If there were credibility problems then, when America was on a much more martial and pro-free-europe footing, the situation is hardly any better now. Although there is a lot less fear of Russian tanks entering Paris, certainly!
Quoth: The Strategic Review focuses on preserving France’s strategic autonomy, which is centered on maintaining and updating a credible maritime and air-based nuclear deterrent
Will France say publicly that they don't trust the US? Not in so many words, no. But given that Trump refused to reaffirm article 5, read the following sentence: At the Warsaw and Brussels NATO summits, France decisively and unambiguously reaffirmed its commitment to NATO’s Article 5 and mutual assistance.
Unless you subscribe to the reality TV school of diplomacy, this is quite clear.
> Disarmament requires stability. We (the US) shat a giant orange turd onto that idea.
One could reasonably argue this goes back to the Ukranian conflict. The previous administration hardly bolstered the notion that the US would hold up to promises and supposed red lines.
The US need not, contractually, support the Ukraine but it makes one realize that the US isn't the World's Police and a defender like some have believed. Nations need fend for themselves.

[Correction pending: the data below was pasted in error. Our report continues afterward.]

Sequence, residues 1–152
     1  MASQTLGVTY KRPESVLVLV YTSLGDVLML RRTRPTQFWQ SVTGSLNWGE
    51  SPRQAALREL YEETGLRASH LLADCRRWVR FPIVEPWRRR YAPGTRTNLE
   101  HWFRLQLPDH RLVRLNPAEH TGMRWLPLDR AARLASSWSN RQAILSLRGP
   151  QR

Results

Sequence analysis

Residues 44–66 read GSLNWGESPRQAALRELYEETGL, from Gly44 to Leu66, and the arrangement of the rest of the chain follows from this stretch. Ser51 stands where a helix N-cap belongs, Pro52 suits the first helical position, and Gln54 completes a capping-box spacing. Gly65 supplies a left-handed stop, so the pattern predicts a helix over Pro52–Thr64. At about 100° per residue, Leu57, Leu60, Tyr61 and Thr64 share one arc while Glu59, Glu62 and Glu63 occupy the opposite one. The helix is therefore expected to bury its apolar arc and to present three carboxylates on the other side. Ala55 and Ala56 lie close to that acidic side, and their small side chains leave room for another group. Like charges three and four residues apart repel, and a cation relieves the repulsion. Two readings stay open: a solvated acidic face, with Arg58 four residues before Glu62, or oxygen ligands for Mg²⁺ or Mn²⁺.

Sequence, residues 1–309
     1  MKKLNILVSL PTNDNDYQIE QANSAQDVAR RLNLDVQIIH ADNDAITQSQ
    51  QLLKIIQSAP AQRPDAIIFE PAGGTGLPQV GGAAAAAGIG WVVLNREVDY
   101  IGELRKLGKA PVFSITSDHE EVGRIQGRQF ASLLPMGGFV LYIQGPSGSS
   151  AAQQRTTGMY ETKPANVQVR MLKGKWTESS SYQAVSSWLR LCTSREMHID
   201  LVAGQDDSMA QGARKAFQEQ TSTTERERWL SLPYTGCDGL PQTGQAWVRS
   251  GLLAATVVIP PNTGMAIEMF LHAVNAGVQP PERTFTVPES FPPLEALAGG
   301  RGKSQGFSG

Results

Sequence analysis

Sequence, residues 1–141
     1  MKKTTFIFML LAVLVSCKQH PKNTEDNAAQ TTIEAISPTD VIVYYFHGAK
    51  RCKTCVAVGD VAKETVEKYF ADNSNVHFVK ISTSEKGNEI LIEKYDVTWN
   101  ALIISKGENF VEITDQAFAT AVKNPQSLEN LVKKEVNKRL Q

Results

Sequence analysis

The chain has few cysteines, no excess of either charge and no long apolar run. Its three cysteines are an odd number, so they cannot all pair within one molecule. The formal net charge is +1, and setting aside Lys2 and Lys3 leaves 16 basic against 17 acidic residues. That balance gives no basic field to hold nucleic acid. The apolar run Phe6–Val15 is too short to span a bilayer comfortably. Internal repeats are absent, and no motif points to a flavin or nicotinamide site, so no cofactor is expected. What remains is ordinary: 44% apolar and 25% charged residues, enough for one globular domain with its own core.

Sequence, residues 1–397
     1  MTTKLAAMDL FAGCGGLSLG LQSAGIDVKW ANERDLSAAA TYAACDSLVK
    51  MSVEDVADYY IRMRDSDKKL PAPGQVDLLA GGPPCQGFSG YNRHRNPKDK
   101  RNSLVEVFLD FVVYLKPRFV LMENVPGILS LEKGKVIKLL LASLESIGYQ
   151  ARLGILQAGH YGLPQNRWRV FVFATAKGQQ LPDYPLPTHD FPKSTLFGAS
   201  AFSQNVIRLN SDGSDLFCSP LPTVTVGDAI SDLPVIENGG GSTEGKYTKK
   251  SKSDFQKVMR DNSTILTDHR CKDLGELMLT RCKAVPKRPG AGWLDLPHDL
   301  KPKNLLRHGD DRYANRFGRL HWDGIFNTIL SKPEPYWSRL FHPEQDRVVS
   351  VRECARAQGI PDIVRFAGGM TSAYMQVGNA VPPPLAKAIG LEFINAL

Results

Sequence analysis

That, of course, is not the only foreign policy / military issue which highlighted US pullback from global policing actions. At least overt, in-the-news, type actions, as various special forces type operations are going on all the time.
The point is, the US populous is seemingly tired of the forever wars and politicians and their supporting media have grown wise to keep things under the rug as much as possible.
You immediately followed the Ukraine reference with “The previous administration hardly bolstered the notion that the US would hold up to promises and supposed red lines.” But there were no promises or red lines. Was that intended as a separate point?
The US has been regularly accused of playing "World Police." We literally have major studio films parodying that fact.
> But there were no promises or red lines.
Syrian chemical weapons use?
To be frank, I cannot tell if you're being needlessly obtuse in order an attempt to draw me into some sort of rhetorical noose to prove me wrong, or if you're simply ignorant of post-WWII history.
> that Ukraine was some sort of turning point.
I would argue that it is, that history books paint that as a turning point, of America turning away from the world stage should the trend continue.
After all, it wasn't that long ago the US (via NATO) was involving itself in peace keeping missions in Eastern Europe.